(1124 - 1135).
Hepatitis C virus (HCV) infection is a major health problem worldwide. The effects of chronic infection include cirrhosis, end-stage liver disease, and hepatocellular carcinoma. As a result of shared routes of transmission, co-infection with HIV is a substantial problem, and individuals infected with both viruses have poorer outcomes than do peers infected with one virus. No effective vaccine exists, although persistent HCV infection is potentially curable. The standard of care has been subcutaneous interferon alfa and oral ribavirin for 24-72 weeks. This treatment results in a sustained virological response in around 50% of individuals, and is complicated by clinically significant adverse events. In the past 10 years, advances in HCV cell culture have enabled an improved understanding of HCV virology, which has led to development of many new direct-acting antiviral drugs that target key components of virus replication. These direct-acting drugs allow for simplified and shortened treatments for HCV that can be given as oral regimens with increased tolerability and efficacy than interferon and ribavirin. Remaining obstacles include access to appropriate care and treatment, and development of a vaccine.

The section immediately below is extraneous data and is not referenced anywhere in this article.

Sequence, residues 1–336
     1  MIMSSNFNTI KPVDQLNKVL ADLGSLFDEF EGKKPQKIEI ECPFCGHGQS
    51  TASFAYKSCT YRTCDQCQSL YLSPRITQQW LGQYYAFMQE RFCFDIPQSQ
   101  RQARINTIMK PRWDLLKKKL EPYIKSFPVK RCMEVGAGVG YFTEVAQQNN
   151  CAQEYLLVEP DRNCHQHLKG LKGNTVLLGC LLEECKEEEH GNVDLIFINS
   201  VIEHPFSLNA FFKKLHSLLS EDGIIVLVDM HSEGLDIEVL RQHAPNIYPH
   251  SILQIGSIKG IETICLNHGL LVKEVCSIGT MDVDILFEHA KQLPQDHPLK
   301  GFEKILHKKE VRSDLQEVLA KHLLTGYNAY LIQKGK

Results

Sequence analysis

|Keywords:||Antiviral Agents, Coinfection, Drug Discovery, HIV Infections, Health Services Accessibility, Hepacivirus, Hepatitis C, Chronic, Humans, Liver Cirrhosis|
|UCL classification:||UCL > School of Life and Medical Sciences > Faculty of Medical Sciences > Medicine (Division of)|
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